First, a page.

Compounds 6a and 6b were synthesized following the route summarized in Fig. 4 [40]. These compounds were obtained after a reductive amination and in three steps from the commercially available 5-hydroxy-2-adamantanone (8). The synthesis was carried out using the pure enantiomer of the S-α-methylbenzylamine and the 5-hydroxy-2-adamantanone refluxing in absolute ethanol. The intermediate compound 9 was hydrogenated. This hydrogenation with the catalyst Pd/C 10% could have been performed in two steps, isolating the benzylamino derivatives, but it was preferred an overnight hydrogenation to yield compounds 10a and 10b. The last synthetic step consisted of the acetylation in water of the mixture using the same conditions as for compound 5 yielding an E/Z mixture of compounds 6a and 6b in a 7∶3 ratio, with the E isomer being the major product. Compounds 6a and 6b were found in a paper by Gonzáles-Nuñez et al. [41] but with a different enriched mixture (Z:E 75/25) and not separated for fully characterization. In our case, compounds 6a and 6b were purified by automated semipreparative LC-MS for their characterization.

Figure 4. Synthesis of compounds 6a and 6b.

Reagents and conditions: i) (i) S-α-methylbenzylamine, EtOH, reflux, 2 days; (ii) H2, 10% Pd-C, THF, rt; 12 h; (iii) acetic anhydride, water, 0°C−rt.

The 13C and 1H NMR spectroscopy in DMSO-d6 of the mixture of 6a and 6b is interesting. The signals were assigned taking into account that 6a was the major isomer (about 70%) and by means of 2D experiments. To check the assignments as well as the isomerism, we calculated the absolute shielding [42]-[43] (σ, ppm) at the GIAO/B3LYP/6-311+G(d,p) level and transform the absolute shielding into chemical shifts (δ, ppm, see Table S1).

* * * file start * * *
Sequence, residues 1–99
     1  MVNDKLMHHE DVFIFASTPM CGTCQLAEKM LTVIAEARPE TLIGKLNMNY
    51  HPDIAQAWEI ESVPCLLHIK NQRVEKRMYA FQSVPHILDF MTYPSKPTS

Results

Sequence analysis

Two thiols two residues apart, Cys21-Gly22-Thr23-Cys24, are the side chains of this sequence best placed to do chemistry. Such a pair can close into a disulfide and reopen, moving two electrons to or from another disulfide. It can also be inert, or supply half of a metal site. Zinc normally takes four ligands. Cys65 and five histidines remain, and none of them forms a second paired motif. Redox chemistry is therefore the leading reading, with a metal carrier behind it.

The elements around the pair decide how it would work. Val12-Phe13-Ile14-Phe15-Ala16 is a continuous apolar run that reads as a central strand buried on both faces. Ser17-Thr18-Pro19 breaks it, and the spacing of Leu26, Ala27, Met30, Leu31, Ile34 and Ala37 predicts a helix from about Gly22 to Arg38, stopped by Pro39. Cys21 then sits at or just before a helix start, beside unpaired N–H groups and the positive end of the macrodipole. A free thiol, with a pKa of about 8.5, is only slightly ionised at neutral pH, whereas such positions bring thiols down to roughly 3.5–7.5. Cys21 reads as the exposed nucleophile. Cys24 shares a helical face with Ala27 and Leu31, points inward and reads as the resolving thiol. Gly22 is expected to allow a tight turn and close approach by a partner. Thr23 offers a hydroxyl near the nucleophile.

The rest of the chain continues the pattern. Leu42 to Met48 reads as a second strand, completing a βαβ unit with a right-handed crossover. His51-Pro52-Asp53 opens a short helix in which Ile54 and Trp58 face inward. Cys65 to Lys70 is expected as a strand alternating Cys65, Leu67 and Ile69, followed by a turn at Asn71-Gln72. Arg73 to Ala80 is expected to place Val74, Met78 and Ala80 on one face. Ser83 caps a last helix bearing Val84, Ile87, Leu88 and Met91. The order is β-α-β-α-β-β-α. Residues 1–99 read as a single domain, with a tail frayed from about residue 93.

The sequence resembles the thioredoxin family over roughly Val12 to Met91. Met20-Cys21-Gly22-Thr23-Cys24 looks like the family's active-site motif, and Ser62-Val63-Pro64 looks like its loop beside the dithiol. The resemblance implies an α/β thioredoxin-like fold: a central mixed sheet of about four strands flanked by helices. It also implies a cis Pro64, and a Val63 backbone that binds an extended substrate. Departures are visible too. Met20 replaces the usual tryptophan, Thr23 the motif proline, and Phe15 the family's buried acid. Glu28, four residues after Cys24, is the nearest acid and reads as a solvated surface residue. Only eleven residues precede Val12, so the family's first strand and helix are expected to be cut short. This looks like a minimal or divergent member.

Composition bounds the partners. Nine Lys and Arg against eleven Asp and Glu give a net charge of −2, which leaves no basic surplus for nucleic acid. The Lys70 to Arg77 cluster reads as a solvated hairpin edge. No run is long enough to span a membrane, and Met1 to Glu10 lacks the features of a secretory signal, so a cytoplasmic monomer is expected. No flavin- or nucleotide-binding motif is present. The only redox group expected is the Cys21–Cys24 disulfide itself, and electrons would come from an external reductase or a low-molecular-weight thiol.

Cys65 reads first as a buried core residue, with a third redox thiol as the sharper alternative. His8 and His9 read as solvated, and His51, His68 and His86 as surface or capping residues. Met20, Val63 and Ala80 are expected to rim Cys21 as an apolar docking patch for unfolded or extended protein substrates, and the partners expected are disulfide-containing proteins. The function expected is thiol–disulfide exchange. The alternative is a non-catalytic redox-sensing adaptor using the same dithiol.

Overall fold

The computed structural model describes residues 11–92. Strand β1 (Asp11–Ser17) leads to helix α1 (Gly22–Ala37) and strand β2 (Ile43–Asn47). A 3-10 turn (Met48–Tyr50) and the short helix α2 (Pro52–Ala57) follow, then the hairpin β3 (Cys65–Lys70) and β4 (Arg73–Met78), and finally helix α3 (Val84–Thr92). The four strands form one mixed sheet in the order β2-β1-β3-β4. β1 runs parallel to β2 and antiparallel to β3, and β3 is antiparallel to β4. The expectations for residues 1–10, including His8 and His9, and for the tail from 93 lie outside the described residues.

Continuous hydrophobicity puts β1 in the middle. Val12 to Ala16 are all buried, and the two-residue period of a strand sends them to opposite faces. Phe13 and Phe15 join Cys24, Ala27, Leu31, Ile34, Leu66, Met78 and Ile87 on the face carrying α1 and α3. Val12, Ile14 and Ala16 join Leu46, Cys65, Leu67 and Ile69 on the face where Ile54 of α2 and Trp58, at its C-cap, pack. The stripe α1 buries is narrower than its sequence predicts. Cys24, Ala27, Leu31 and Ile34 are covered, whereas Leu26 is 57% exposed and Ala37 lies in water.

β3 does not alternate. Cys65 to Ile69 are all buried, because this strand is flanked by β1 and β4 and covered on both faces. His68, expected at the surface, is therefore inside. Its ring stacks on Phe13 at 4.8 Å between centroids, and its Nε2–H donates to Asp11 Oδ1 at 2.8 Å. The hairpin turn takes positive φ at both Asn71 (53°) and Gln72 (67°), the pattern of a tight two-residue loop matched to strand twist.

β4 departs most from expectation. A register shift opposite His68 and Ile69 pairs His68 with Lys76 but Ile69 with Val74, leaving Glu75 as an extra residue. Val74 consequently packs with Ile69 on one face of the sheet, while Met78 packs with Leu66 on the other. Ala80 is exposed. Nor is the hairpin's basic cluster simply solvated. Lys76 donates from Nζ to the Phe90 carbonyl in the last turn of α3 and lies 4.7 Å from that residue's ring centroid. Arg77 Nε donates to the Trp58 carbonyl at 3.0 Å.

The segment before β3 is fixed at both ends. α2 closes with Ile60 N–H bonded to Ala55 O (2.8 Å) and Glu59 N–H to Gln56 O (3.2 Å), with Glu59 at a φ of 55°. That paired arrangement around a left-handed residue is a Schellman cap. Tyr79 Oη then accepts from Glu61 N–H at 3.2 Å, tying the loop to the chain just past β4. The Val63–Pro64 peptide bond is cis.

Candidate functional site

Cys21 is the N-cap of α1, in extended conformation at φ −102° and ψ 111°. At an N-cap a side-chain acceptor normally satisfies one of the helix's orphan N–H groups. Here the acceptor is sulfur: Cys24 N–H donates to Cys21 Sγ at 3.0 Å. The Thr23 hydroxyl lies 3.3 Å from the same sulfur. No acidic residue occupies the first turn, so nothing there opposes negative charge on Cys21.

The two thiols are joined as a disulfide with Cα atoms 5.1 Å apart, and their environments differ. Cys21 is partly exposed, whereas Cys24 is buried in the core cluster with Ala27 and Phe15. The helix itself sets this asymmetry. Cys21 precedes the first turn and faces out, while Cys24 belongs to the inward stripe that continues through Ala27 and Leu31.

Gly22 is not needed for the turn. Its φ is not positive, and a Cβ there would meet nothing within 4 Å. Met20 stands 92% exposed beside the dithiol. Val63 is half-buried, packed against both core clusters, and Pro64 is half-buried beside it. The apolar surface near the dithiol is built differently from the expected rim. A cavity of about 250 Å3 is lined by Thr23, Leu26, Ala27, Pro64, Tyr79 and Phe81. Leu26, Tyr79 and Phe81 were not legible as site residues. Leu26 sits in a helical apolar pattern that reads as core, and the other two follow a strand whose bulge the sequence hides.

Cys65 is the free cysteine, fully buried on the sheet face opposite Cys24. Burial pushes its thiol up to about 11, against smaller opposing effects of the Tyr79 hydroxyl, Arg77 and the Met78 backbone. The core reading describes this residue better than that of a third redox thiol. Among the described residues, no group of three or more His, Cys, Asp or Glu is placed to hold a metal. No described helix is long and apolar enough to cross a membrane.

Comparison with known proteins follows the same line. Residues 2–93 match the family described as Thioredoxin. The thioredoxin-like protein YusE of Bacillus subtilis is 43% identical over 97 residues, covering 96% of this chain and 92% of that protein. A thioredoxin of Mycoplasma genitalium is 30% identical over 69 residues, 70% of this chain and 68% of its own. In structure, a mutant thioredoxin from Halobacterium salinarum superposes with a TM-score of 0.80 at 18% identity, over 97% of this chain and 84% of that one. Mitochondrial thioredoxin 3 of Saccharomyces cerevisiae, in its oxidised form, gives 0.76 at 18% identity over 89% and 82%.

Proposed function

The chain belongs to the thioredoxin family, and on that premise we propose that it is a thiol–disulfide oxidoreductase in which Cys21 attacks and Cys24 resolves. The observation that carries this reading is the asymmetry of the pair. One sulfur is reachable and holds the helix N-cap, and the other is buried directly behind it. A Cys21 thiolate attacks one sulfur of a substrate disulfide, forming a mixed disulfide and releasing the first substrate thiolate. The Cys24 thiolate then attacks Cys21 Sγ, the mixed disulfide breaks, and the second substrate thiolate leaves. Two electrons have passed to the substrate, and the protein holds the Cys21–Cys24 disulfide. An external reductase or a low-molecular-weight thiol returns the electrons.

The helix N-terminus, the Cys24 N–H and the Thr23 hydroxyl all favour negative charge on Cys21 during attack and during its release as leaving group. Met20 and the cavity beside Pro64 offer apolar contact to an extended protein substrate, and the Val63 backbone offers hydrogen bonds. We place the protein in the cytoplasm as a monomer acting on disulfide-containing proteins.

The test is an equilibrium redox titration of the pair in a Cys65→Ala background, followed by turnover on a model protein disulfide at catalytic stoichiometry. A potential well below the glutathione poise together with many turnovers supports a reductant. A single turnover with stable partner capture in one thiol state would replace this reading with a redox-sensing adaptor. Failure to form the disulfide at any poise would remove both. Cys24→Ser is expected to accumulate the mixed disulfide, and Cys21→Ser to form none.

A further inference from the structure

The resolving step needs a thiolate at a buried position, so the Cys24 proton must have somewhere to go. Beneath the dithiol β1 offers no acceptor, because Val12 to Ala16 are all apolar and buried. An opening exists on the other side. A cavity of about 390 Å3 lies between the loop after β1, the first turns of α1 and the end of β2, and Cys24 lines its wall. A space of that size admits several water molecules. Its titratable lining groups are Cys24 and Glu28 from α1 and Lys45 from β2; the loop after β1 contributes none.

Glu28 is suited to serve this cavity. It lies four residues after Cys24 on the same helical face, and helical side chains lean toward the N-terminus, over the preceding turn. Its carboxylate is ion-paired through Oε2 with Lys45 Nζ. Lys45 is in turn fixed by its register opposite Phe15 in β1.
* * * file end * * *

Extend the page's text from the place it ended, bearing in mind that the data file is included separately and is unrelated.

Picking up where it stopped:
1.2 Pharmacology

The analgesic activity of compounds 5 and the 6a/b mixture was compared to that of paracetamol and morphine in a model of visceral pain (Fig. 5). The intraperitoneal (i.p.) administration of acetic acid (2%) induced a typical writhing reaction, characterized by a wave of contraction of the abdominal musculature followed by extension of the hind limbs. After acetic acid administration, mice were placed in individual transparent containers and, after 5 min, the number of writhes was counted during a 10 min period. In naïve animals, the number of stretches induced by acetic acid was 25.4±0.8. Morphine (5 mg/kg, i.p.), an opioid accepted as the gold standard of analgesic drugs, notably decreased the number of writhes by 75%. Paracetamol (100 mg/kg), administered i.p. 30 minutes before acetic acid, was less effective than morphine reducing only by 40% the nociceptic behavior. Furthermore, a 2-fold increment in the paracetamol dose did not result in an increase of its analgesic effect in this pain model (Fig. 5).